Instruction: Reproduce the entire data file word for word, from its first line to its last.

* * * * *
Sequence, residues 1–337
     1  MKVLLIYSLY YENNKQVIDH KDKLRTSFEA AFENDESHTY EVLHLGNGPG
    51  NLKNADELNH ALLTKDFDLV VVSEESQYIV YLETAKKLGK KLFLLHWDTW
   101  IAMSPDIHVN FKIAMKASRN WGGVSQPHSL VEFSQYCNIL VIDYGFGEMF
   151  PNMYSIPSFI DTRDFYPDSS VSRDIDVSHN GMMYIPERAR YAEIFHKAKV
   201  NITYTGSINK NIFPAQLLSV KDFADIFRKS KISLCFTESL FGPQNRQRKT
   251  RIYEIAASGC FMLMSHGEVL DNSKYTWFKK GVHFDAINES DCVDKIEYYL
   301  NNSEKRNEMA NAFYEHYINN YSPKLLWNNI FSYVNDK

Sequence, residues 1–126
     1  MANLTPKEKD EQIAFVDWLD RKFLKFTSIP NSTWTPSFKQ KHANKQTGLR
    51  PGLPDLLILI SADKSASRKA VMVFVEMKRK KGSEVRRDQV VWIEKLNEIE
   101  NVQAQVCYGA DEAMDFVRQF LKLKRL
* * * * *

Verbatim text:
Sequence, residues 1–337
     1  MKVLLIYSLY YENNKQVIDH KDKLRTSFEA AFENDESHTY EVLHLGNGPG
    51  NLKNADELNH ALLTKDFDLV VVSEESQYIV YLETAKKLGK KLFLLHWDTW
   101  IAMSPDIHVN FKIAMKASRN WGGVSQPHSL VEFSQYCNIL VIDYGFGEMF
   151  PNMYSIPSFI DTRDFYPDSS VSRDIDVSHN GMMYIPERAR YAEIFHKAKV
   201  NITYTGSINK NIFPAQLLSV KDFADIFRKS KISLCFTESL FGPQNRQRKT
   251  RIYEIAASGC FMLMSHGEVL DNSKYTWFKK GVHFDAINES DCVDKIEYYL
   301  NNSEKRNEMA NAFYEHYINN YSPKLLWNNI FSYVNDK

Sequence, residues 1–126
     1  MANLTPKEKD EQIAFVDWLD RKFLKFTSIP NSTWTPSFKQ KHANKQTGLR
    51  PGLPDLLILI SADKSASRKA VMVFVEMKRK KGSEVRRDQV VWIEKLNEIE
   101  NVQAQVCYGA DEAMDFVRQF LKLKRL